Wide garden design – Case study

wide garden

Wide garden before design

If your garden is wider than it is long, then you need to put a bit more thought in to how you plan it. The problem with wide gardens is their lack of depth, it makes the garden feel confined because the end of the garden is so close.

This is true even if the garden is quite sizeable. You might have a lot of physical space in the garden, but if it’s pointing in the wrong direction i.e. widthways and not lengthways, then visually it will make the garden feel much smaller than it really is.

So how do you design a wide garden?

Step 1 Divide the space of the garden into different areas.

The division doesn’t have to be a wall or fence, it can be very subtle with planting or a pergola. By dividing the space up, it will make each area look longer. So in effect, each end of the house has its own garden.

Now depending on just how wide your garden is, you can divide it into two or perhaps three areas.

Step 2 Choose shapes that will make each of your divisions look longer.

So, for example, using either an oval or rectangular shape in each of the sections of your garden for the lawn, will make that area look longer, because your eyes will follow the length of shape. You can also use interlocking circles or boxes. If you have enough space, then you can consider using the free form flowing curves. However, it is advisable to start off with simple geometric shapes, just to get an idea of the feel of the space.

Step 3 Create interest by having focal points that draw your eye down the garden.

By having strategically placed focal points like a statue, urn, or bench/seating area, your eyes will automatically be drawn to the solid object in between the planting. Adding a focal point to look at occupies your mind with more visual information and that always helps distract your brain from the true shape of the garden.

Case study wide garden


In our wide garden case study example you can see that owner had had a really good go at designing the garden herself. She had put in one nice size lawn shape, and had a good ratio of plants to space. However, the shape she had used for the lawn accentuated the width and made the garden feel shorter, rather than longer.



This transformation could be easily done on the limited budget that was available for this garden. It really is amazing just how much difference getting the correct shape lawn can make to a garden. I know it’s totally counterintuitive, you want to think of your garden as putting things in, like patios and plants, but it really is down to how you shape the areas of empty space. That’s what really makes a difference!

Many thanks to Gillian for so willingly allowing me to use her garden plan as a case study example.

Did you find this case study helpful?

Please leave your comments in the boxes below!

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About Rachel Mathews

Professional international garden designer for over 20 years. My mission is to de-mystify garden design and make it easy for people to successfully design their own garden - without needing to spend a fortune!


  1. Alison Boocock says:

    Amazing how shape can make all the difference…simple but effective!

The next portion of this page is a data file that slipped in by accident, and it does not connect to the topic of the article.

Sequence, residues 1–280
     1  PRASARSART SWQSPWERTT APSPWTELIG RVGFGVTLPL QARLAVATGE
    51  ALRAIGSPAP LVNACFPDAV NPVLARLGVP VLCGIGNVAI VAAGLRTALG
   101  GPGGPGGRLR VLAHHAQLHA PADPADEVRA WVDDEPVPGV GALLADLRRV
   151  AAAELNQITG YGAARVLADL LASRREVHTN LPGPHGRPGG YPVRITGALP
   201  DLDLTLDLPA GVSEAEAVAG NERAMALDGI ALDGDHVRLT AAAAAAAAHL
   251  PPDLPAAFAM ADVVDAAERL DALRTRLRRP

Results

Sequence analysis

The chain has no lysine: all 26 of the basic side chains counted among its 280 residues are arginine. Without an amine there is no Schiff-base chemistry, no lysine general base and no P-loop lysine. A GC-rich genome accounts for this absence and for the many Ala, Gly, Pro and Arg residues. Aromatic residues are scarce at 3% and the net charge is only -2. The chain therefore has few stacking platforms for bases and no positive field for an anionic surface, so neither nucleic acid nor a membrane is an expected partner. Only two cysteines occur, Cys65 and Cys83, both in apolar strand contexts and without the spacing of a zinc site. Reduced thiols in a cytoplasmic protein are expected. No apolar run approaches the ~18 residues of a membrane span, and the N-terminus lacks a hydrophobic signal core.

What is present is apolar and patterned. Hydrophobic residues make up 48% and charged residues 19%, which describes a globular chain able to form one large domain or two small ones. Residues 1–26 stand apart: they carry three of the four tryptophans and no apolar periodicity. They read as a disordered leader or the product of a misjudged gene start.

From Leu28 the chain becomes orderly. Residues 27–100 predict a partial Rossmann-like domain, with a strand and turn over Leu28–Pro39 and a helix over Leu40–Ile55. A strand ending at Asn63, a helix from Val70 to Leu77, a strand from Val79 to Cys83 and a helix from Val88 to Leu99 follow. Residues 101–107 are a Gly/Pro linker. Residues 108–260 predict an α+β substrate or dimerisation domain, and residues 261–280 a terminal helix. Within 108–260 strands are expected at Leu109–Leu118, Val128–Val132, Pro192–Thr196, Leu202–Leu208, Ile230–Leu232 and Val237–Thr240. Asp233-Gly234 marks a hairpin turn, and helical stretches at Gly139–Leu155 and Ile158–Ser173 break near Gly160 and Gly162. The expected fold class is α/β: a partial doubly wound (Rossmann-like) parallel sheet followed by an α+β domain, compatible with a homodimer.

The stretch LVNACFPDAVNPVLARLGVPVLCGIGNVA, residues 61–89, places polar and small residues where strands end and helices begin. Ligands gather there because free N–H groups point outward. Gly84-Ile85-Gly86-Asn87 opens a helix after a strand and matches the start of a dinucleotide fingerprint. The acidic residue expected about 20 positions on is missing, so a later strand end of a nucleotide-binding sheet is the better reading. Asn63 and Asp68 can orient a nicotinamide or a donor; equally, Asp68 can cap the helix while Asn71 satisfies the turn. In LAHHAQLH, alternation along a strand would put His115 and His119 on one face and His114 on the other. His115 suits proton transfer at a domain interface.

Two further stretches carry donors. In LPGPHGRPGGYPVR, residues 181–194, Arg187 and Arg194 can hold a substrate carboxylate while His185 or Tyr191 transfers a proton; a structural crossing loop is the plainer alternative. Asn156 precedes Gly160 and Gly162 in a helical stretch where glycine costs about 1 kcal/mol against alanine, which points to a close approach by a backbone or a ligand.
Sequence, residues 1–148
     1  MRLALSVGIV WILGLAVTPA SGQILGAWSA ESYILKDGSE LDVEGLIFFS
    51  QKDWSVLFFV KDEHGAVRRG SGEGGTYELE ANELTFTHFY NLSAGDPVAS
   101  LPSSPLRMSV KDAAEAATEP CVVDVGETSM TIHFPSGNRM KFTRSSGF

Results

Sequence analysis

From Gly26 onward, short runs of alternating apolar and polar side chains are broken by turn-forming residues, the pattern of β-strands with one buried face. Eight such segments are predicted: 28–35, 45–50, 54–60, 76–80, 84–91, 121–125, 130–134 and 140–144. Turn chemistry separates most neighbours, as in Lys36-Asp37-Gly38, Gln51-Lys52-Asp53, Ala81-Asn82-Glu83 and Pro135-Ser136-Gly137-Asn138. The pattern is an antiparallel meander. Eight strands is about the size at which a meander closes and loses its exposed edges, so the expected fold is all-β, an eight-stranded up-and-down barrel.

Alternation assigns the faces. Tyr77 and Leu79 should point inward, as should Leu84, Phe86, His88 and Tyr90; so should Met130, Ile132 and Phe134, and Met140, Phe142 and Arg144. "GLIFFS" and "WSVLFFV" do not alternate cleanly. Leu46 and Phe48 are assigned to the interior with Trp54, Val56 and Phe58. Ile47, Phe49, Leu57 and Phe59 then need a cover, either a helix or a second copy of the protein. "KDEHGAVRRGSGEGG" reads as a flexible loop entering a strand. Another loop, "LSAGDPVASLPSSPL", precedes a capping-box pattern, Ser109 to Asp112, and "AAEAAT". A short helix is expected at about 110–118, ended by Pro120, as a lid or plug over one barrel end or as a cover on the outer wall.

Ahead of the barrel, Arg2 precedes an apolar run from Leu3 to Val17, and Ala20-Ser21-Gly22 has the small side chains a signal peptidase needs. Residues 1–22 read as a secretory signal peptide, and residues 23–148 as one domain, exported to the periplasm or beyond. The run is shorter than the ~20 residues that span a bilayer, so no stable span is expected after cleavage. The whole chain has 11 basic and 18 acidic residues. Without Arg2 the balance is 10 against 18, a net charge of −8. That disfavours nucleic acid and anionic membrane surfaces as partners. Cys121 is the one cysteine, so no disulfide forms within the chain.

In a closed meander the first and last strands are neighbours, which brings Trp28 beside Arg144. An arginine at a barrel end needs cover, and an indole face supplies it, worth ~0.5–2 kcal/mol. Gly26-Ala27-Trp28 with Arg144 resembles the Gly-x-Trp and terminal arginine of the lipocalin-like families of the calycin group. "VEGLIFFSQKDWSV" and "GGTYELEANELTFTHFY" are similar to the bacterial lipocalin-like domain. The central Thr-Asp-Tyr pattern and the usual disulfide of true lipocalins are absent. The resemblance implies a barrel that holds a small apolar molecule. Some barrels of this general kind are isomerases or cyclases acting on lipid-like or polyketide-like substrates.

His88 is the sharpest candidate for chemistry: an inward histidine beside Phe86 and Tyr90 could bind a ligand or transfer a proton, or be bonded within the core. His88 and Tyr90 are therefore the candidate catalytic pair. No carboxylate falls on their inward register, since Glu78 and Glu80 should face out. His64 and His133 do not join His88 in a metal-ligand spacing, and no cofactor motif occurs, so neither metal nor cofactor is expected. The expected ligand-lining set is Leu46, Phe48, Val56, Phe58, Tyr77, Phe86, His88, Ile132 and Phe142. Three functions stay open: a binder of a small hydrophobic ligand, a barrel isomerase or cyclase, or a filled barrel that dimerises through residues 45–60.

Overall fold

2. Thanks Alison! It is amazing how much a difference getting the right shapes in your garden makes. I'm continually surprised by it and I design gardens every day! 😉

    I'm going to be doing a garden design case study, like this one, every month now, so stay tuned!

  3. A design for a wide garden at last! Hope you do more, please?

  4. is it not possible to build a flower bed on de side of the patio?

  5. rachel is it not possible to built a flower bed on the side of the patio and play with high? groeten

  6. Hi Mauro, yes, that is certainly possible but the budget was very tight for this garden, so I kept the design as low cost and simple as possible.

  7. Hi Eileen, glad you liked the wide garden case study. I will definitely try to do some more. Trouble is, most people tend to have long gardens, so I don't get asked to do them often. I will be sure to post another one on the blog as soon as I get the opportunity.

  8. Hi Rachel,

    It is really very nice design!
    Thank you for sharing the ideas.

    Focal point; i do not like statues, what would you use in the garden for a focal point? Especially with tight budget, would you mind giving us some ideas and some pictures?

    Than you

  9. Hi Tarab,

    Thank you. I agree, not very keen on statues either, so I tend to use large pots or urns as a focal point. Or you can make a sculpture out of different size stones placed on top of one another. Driftwood can look good as can an antique chair painted a bright colour. The limit is only your imagination and a paint pot colours!

    A focal point is really just a solid object that gives your eyes something to focus on other than plants.

    Hope that helps.


  10. Janine MCMAHON says:

    Thanks Rachel – look forward to seeing more.

  11. I’m loving the cicular lawn , so simple yet so effective for space. Too many clients want it all yet don’t have the space, the amount of arguments it can lead to unless you nail the design like you have. Elegant work!

  12. Absolutely helpful! One of the most important tips!
    A small move a big difference! it really looks bigger now. 🙂
    Thank you Rachel! ….and Gillian!

  13. Elizabeth Butcher says:

    We are just moving to a bungalow with a very wide garden and this design looks absolutely perfect and would incorporate what my son has in mind for a covered seating areas we have extra space to one side, in front of the garage. Absolutely thrilled to find this, so thank you very much.

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